Projects

    Melanoma and Imaging

    We have developed a system to reproducibly induce spatially controlled endogenous BRAFV600E/PTEN-null melanoma that can be used with intravital imaging to visualize tumor progression. This is the first true known model of melanoma metastasis, as we can generate local endogenous tumors that consistently metastasize to distant organs. With intravital imaging, we plan to use this model to directly visualize how melanoma progresses from single cells and to investigate heterogeneous tumor response to targeted therapy.

    Melanoma

    Mouse Pre-Clinical Testing

    Through collaboration with Dr. Kwok Wong of Dana Farber Cancer Institute recently published in Nature, we demonstrated that “co-clinical” mouse trials performed concurrently with human studies can provide valuable insight into the interpretation of the human studies. These murine studies in faithful genetic tumor models allow human clinical testing to be more efficient, reducing the risk of experimental trial to participant patients. While the published study involved lung cancer and the genetic modifiers of that disease, the concept of murine co-clinical trials is being applied to many other cancer types in the UNC MP1U and elsewhere.

    Reprogramming of Breast Cancer in Response to a Targeted TherapyJohnson Project

    Through a close collaboration with Dr. Gary Johnson, Kenan Professor and Chair of the UNC Department of Pharmacology, we published a manuscript in Cell that shows extensive remodeling of kinase signaling in breast cancers when such tumors are treated with therapeutic kinase inhibitors. This report employed a novel technology developed by Dr. Johnson to measure the activity of hundreds of kinases in a cancer simultaneously, and was validated on MP1U models. While the technology will be very important in future drug development efforts, we believe the finding of this rapid cellular reprogramming in response to therapeutics represents a critical understanding of how tumors develop resistance to effective therapeutics. This work shows that tumors can rapidly change intra-cellular signaling, likely in the absence of new genetic events, to become resistant to kinase inhibitors, explaining the clinical observation of the rapid emergence of resistant tumors in patients treated with kinase inhibitors for certain solid tumors (e.g. melanoma, lung cancer, breast cancer etc.) We are continuing to work with the Johnson lab to examine other drugs in MP1U models of cancer to explore how tumor resistance develops. This technology is being used in human clinical trials at UNC in breast cancer (PI: Dr. Lisa Carey) and melanoma (PI: Dr. Stergios Moschos).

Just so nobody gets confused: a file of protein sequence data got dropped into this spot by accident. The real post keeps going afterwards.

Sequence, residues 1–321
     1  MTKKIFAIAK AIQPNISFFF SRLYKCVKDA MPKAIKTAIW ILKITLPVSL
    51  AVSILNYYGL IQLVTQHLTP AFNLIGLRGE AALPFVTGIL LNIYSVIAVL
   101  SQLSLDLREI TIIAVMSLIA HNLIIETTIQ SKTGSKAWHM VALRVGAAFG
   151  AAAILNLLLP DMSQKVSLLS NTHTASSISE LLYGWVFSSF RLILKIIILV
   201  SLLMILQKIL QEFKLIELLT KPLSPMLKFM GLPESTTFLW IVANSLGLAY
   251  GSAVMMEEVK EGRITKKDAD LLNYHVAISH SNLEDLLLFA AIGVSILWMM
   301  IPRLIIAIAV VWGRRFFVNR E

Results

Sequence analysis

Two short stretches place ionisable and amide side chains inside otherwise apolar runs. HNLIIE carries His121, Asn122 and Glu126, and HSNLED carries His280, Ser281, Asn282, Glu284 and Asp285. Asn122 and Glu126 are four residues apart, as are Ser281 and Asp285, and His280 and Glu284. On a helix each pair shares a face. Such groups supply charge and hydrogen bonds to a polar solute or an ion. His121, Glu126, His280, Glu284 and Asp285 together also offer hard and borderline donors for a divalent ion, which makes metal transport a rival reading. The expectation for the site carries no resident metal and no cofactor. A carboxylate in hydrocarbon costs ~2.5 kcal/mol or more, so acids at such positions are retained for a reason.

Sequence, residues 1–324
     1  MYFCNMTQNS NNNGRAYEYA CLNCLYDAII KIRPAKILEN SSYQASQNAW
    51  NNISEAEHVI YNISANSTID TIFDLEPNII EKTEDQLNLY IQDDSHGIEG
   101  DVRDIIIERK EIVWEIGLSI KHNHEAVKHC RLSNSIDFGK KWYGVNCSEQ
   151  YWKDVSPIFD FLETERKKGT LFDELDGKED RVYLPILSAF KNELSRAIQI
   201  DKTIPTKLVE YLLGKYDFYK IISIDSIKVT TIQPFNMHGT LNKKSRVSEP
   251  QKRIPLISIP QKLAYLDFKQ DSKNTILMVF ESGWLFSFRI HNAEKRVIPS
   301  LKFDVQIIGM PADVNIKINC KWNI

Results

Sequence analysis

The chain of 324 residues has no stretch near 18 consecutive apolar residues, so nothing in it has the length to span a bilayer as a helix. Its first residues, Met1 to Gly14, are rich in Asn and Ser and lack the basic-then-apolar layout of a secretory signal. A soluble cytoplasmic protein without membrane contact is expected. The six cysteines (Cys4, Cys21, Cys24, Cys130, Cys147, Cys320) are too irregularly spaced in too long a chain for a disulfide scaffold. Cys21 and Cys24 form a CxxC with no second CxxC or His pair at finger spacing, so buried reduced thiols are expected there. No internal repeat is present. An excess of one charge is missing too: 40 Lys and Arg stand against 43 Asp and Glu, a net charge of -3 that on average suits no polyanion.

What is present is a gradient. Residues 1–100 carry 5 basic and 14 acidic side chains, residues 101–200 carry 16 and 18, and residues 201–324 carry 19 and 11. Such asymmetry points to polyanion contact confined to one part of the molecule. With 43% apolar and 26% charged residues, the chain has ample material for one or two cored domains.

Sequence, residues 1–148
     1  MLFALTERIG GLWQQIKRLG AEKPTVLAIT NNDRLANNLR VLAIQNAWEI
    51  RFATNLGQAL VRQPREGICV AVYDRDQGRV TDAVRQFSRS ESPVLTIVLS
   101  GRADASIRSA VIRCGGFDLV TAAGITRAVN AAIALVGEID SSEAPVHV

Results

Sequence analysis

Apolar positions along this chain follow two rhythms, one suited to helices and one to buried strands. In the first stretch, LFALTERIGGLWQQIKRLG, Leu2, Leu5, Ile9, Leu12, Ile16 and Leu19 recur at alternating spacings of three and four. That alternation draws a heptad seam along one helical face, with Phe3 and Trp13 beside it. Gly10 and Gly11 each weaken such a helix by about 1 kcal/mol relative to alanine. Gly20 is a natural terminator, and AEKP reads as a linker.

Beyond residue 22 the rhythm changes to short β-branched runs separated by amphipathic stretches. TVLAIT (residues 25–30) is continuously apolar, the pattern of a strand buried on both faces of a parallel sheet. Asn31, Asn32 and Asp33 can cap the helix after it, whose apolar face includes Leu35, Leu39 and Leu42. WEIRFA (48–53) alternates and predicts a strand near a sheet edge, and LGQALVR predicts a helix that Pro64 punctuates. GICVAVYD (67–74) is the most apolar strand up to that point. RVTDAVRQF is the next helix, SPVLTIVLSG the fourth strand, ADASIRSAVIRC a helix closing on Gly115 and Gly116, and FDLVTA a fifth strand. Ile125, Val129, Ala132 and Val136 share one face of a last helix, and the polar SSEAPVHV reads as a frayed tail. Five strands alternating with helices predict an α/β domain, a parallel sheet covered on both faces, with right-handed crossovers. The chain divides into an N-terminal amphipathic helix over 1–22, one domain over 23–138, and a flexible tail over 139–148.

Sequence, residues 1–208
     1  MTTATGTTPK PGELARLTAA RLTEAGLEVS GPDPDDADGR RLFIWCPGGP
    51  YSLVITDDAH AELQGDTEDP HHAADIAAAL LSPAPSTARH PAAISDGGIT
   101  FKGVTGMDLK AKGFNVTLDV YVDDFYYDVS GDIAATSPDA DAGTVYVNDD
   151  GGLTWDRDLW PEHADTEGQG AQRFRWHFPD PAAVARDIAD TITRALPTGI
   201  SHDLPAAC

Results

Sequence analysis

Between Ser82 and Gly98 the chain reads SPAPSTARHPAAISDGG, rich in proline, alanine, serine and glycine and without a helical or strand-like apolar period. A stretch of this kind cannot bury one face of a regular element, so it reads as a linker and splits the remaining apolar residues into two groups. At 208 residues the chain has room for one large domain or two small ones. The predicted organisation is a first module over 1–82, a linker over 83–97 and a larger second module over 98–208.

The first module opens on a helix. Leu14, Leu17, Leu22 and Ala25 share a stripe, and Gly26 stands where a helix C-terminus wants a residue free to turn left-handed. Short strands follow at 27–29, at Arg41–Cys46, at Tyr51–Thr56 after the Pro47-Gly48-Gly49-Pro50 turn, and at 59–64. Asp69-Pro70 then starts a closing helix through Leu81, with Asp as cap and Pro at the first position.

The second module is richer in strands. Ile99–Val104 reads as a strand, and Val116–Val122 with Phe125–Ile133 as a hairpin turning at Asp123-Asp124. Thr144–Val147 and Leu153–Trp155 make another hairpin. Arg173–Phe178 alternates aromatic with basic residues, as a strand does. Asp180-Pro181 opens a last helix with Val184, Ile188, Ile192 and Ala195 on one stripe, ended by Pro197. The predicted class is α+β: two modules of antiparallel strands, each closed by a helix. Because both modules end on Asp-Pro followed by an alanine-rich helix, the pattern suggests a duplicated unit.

SRC Family Kinase Inhibitors and Melanoma

      In a paper recently published at Cancer Cell, the Sharpless lab showed that loss of a commonly mutated cancer gene, LKB1, leads to activation of a family of kinases involved in metastasis (the SRC family kinases, SFKs). Activation of SFKs by LKB1 loss in turn greatly enhances tumor metastasis. Since SFKs are enzymes that can be targeted by small molecule drugs, this work established an important role for LKB1 in metastasis of melanoma and lung cancer, and identified a new target for anti-cancer therapy. UNC filed intellectual property related to this work and is negotiating to license this IP to a Portland based diagnostic company.